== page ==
It is here, in the back or loins, that fracture of the vertebrae most frequently occurs. In this as in other fractures old animals are much more liable to the mishap than younger ones, owing to their bones containing a larger amount of earthy matter, which adds materially to their brittleness.
When fracture occurs in these divisions of the spine it usually involves one or both of the last two dorsal vertebrae, and the first or first and second bone of the loins.
Some Continental veterinarians affirm that the accident happens in the fall, while others regard it as occurring during the struggles which follow. We are satisfied, however, that it occurs at both periods, but we are unable to say to which of these causes it is most frequently due.
Fracture of the dorsal and lumbar vertebrae has resulted from violent straining while being cast in the stable with the leas entangled in the tie-rope, and from a heavy load falling on the spine of old horses when the hind-legs suddenly slip from under them. To hunters and chasers it sometimes occurs as the result of jumping short and alighting with the hind-legs in a deep drain, or in the subsequent struggle to reach the bank.
Fracture of the vertebrae in the region of the withers or the loins may result from falling over backwards, and it has been said to have occurred in kicking, and also while galloping and in starting heavy loads.
Pressure on the spinal cord from displacement of the broken fragments usually occasions paraplegia or paralysis of the hindquarters. This result may come about at once, or it may be deferred for some hours or, rarely, days. Where pressure exists, the animal sinks to the ground and fails to rise. After it has done so, the hind-limbs are limp, and project straight out at right angles with the body. The muscles quiver, and patchy sweat appears about the thighs. In the animal's efforts to get up, the fore-end is raised, but the hind extremities are helpless and the quarters incapable of movement.
When pricked with a pin there is usually no response, behind the seat of fracture sensation as well as motion being paralysed. Where these symptoms are wholly present it may be reasonably concluded that fracture exists, but it must be understood that paraplegia or paralysis of the posterior part of the body may result from concussion of the spinal cord, in which case there is a prospect of recovery. It is necessary, therefore, that a careful consideration be given not only to the symptoms, but also to the history of the case, especially with regard to its origin.
There are two diseases with which fracture of the vertebrae may be confounded by persons who have no practical experience of the subject.
Animals when suffering from the former ailment lose the power of motion behind after exertion, but it differs from fracture in the fact that the disablement soon passes away, and the animal rises to his feet and continues in apparent health until exertion is renewed, when the paralysis returns, and this may be repeated again and again for weeks and months.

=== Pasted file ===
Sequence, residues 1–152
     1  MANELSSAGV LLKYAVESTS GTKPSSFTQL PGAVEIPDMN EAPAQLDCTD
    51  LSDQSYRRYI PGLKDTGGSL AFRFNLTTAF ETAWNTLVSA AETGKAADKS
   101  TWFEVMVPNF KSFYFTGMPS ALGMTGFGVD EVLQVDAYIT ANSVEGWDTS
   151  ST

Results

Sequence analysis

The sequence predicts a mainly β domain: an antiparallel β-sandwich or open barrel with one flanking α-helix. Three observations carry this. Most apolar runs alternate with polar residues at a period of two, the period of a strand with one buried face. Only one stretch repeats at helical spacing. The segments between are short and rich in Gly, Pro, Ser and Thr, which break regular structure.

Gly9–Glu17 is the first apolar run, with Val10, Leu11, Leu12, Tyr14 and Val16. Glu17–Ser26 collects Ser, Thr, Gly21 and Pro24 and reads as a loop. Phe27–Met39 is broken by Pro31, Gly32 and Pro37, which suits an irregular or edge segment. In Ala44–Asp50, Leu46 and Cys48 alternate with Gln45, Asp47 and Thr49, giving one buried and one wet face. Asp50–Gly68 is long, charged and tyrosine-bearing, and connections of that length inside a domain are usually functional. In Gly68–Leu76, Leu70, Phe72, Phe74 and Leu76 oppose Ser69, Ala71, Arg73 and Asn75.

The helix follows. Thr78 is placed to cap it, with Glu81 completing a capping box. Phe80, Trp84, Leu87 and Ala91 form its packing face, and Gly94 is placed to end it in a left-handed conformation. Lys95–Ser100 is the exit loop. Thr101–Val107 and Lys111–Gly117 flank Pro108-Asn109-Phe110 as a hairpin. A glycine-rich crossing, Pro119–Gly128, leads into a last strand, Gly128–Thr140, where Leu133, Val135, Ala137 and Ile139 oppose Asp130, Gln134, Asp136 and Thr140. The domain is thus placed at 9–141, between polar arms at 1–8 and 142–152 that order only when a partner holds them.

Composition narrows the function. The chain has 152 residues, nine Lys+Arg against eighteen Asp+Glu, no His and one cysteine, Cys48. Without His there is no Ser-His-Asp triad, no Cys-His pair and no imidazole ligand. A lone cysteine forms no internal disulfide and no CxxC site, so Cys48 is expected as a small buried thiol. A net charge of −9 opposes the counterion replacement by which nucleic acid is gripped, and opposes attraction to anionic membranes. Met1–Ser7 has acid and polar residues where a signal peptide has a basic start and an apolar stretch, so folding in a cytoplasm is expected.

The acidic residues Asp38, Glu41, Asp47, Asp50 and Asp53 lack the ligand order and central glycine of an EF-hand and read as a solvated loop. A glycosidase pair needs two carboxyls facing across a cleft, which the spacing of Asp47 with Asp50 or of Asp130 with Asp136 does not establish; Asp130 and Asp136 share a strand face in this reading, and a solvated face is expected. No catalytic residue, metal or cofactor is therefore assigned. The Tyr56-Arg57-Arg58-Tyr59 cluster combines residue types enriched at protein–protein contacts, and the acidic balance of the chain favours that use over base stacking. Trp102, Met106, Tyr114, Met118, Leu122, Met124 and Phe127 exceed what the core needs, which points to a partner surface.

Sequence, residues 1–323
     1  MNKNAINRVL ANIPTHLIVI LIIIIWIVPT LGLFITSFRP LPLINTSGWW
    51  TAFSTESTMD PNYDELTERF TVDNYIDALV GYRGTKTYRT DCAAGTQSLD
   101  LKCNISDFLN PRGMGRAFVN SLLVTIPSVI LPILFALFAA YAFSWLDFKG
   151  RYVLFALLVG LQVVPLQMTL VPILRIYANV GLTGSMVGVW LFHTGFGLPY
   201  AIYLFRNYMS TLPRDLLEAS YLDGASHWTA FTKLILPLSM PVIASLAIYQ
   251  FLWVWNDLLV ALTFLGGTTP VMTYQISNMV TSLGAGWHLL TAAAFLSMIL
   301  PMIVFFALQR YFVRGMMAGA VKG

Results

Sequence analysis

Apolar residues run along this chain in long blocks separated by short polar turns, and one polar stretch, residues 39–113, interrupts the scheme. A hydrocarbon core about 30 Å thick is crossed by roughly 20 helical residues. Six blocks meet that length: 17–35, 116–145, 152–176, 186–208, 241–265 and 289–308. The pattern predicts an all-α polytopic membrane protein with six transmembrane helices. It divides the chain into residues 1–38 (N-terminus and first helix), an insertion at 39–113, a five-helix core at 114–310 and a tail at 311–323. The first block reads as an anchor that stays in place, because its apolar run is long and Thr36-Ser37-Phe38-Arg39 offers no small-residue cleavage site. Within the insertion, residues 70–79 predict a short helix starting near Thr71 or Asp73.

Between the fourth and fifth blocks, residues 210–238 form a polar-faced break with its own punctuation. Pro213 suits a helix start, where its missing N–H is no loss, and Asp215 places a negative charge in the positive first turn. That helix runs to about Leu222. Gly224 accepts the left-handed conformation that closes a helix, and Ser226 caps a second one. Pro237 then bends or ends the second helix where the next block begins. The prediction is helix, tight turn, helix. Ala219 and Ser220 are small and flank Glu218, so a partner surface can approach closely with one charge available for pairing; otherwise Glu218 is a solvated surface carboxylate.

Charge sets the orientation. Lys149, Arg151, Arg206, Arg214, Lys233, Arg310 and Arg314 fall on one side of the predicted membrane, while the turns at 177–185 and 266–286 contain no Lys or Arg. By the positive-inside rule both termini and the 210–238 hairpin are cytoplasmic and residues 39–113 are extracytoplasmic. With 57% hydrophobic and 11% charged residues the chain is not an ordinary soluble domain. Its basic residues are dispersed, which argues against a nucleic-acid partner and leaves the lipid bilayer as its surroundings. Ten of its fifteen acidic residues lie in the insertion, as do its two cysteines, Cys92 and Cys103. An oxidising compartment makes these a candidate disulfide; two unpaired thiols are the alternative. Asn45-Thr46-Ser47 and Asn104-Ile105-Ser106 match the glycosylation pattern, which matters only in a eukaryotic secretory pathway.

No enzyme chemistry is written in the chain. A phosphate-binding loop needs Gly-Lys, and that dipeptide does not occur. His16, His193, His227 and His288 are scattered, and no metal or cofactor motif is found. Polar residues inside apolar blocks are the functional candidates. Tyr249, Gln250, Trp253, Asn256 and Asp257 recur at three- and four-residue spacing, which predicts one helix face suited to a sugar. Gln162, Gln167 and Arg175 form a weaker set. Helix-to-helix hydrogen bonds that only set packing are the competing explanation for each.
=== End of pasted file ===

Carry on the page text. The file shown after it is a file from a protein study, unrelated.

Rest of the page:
In the latter disease the affected horse is attacked with sudden and acute lameness in one hind-limb, which sooner or later results in complete disablement and inability to stand. The respiration is hurried, and accompanied by an outburst of profuse sweating. With this the urine becomes dark or even black, like porter, and on being boiled shows the presence of large quantities of albumen. The symptoms above described serve to differentiate the two diseases from fracture of the vertebrae.
Where paralysis is due to concussion the injured animal should be provided with a deep straw bed, and be allowed to lie quietly for four or five days before any attempt is made to test his powers of movement. A dose of physic should be given at once, and hot cloths well wrung out applied over the spine. Returning innervation of the affected muscles will be shown by slight voluntary movement of the hind-limbs, which will increase day by day until an attempt is made to rise. This, however, should not be hastened by any pressure or encouragement to assume the upright posture, but everything should be done to induce the animal to remain recumbent. To avoid the formation of bed-sores, and minister to his general comfort, he must be carefully turned over from time to time, and friction vigorously applied to the region of the quarter will assist in bringing about restoration of power. As this appears, the administration of small doses of strychnia may be resorted to, and gradually increased as time goes on and the muscles regain their strength.
Where the vertebrae are fractured there is little hope of any benefit being derived from treatment, and the only alternative is slaughter.